On a pure price change basis, the S&P 500 has led the way, gaining over a fifth since 1 January 2016, while Europe and Japan have lagged. Markets are forward looking, but it might be time to assess the relative valuations of these markets. With the EuroStoxx 600 having returned just over 5% since the beginning of 2016, there are increasing calls for European markets to outperform their US brethren on a relative basis. At just 1.84 times book value versus 3.12 for the S&P 500, and 1.25 times price-to-sales versus 2.09 for the American index, the EuroStoxx 600 could well be the ‘cheap’ play at this point.
The FTSE 100 has enjoyed an impressive bounce, led by a resurgence in oil and mining stocks, but now looks to be severely overvalued on an earnings basis, on a current PE of 39, versus 20 for the DAX and 21.74 for the S&P 500. As the impact of a weakened pound begins to wear off, perhaps the FTSE 100’s outperformance will be eroded to a greater extent.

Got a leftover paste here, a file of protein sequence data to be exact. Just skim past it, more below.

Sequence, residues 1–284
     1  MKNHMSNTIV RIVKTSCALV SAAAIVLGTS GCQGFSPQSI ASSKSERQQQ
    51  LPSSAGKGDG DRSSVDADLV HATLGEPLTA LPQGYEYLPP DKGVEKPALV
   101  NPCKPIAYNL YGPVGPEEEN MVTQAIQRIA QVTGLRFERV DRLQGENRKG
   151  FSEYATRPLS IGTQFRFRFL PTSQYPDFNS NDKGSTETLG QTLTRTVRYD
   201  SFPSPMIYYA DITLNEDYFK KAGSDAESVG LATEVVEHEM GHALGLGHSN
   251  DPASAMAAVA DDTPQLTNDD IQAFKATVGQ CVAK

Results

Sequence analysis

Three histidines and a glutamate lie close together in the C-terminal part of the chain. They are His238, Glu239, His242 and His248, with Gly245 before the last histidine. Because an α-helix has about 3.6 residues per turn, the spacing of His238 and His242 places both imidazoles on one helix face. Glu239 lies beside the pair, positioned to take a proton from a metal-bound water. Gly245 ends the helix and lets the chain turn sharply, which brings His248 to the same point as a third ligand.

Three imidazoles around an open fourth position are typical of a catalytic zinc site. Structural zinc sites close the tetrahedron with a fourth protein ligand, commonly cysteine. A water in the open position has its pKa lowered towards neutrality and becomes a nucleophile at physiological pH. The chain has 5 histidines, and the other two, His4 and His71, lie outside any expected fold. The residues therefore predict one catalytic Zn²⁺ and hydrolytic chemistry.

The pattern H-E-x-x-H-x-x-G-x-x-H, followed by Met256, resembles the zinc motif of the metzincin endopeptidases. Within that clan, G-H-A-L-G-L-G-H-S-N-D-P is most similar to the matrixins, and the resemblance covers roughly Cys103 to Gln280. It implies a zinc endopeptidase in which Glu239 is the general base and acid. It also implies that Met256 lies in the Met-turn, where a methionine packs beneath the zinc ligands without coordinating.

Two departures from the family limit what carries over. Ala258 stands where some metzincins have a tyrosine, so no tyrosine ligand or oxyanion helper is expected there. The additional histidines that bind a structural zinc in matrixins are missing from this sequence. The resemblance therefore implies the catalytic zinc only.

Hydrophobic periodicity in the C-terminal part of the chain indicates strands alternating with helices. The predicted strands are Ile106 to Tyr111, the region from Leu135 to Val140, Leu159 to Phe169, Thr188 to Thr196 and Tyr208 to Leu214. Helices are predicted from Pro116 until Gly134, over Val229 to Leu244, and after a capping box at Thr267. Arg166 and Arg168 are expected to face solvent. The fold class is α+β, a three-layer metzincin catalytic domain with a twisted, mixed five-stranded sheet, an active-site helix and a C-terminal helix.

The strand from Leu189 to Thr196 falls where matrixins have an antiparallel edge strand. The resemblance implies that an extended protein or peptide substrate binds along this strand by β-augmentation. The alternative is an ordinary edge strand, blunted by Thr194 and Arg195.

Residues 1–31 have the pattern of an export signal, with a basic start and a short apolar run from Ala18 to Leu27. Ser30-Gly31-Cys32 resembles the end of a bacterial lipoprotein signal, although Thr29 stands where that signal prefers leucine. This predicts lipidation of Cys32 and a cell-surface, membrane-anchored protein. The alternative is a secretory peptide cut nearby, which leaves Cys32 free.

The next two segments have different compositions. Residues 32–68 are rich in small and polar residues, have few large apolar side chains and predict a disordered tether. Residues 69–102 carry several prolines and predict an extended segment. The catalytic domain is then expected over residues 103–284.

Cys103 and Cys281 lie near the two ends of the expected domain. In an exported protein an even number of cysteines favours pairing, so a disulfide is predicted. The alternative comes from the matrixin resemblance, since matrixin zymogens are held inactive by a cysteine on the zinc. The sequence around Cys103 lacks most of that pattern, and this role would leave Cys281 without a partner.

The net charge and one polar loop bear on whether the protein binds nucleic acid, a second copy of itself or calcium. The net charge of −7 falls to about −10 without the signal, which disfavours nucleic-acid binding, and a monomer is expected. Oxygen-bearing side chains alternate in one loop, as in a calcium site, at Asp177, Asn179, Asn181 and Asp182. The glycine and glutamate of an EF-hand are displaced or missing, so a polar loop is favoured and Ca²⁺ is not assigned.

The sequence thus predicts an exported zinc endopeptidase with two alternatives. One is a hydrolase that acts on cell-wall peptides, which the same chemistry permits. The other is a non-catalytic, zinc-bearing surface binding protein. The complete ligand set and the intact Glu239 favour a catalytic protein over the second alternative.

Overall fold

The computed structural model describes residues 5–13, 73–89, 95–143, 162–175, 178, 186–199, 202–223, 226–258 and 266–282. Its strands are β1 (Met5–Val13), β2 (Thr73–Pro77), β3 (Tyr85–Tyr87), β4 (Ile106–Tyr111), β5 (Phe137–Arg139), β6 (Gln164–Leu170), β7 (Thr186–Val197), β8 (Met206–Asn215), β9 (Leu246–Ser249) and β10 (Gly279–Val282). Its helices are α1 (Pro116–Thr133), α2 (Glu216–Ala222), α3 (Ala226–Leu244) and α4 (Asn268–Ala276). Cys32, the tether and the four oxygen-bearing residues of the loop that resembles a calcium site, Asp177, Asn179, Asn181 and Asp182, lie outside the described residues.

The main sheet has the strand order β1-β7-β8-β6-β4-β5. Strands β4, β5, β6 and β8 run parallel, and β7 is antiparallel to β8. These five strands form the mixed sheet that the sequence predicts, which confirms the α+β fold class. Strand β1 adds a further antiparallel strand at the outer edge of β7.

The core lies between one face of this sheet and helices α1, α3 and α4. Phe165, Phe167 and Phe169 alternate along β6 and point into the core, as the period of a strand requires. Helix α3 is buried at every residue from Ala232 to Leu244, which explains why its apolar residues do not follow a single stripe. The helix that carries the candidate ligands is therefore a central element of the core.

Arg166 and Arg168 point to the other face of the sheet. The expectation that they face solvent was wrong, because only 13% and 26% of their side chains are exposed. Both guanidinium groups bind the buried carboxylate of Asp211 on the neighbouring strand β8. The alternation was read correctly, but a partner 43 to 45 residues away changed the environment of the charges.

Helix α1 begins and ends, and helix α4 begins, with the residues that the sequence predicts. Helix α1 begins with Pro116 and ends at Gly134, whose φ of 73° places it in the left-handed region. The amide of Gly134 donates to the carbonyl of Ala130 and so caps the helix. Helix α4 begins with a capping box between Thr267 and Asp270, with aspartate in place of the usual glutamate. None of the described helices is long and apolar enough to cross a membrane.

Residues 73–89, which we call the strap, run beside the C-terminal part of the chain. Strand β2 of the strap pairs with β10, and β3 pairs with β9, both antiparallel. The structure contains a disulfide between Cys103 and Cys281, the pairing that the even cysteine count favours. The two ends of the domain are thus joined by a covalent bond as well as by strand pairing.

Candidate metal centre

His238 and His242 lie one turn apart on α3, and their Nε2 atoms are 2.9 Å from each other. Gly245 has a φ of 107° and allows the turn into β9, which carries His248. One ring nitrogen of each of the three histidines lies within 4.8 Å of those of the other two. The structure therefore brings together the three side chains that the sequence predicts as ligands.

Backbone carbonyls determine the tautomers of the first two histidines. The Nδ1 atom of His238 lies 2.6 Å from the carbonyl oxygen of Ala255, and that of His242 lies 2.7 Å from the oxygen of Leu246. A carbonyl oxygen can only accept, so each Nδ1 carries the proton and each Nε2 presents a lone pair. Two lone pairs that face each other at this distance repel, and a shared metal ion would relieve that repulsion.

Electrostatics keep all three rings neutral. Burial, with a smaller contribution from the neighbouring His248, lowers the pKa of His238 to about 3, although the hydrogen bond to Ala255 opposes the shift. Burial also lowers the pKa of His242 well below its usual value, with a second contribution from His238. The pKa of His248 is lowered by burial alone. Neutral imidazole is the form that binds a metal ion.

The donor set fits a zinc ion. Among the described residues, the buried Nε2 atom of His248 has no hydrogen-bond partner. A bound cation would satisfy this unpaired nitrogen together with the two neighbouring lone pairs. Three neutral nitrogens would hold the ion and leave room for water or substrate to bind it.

Much of the focus recently has been on what commodity prices will do. Greater demand and cutbacks in production among big miners could well continue to support prices in the longer term. Thus, while the S&P/ASX 200’s dividend yield of 5.5% looks rather rich, it is the relatively undemanding PE of 20 (versus the Stoxx 600 and FTSE 100) which could mean that more upside is possible here, aided by the possibility that the Reserve Bank of Australia will look to ease back on the hawkish rhetoric that has done so much to boost the Aussie dollar versus its US counterpart.
It is also worth noting that emerging markets are doing very well, with the iShares ETF rising over 12% versus a 4.3% for the main S&P 500 tracker. Emerging markets continue to trade at a discount to their developed peers, in part because the Federal Reserve hiking cycle is expected to boost the US dollar. Now that we know the Fed only plans to hike rates twice more this year (on current projections), this market could continue to gain.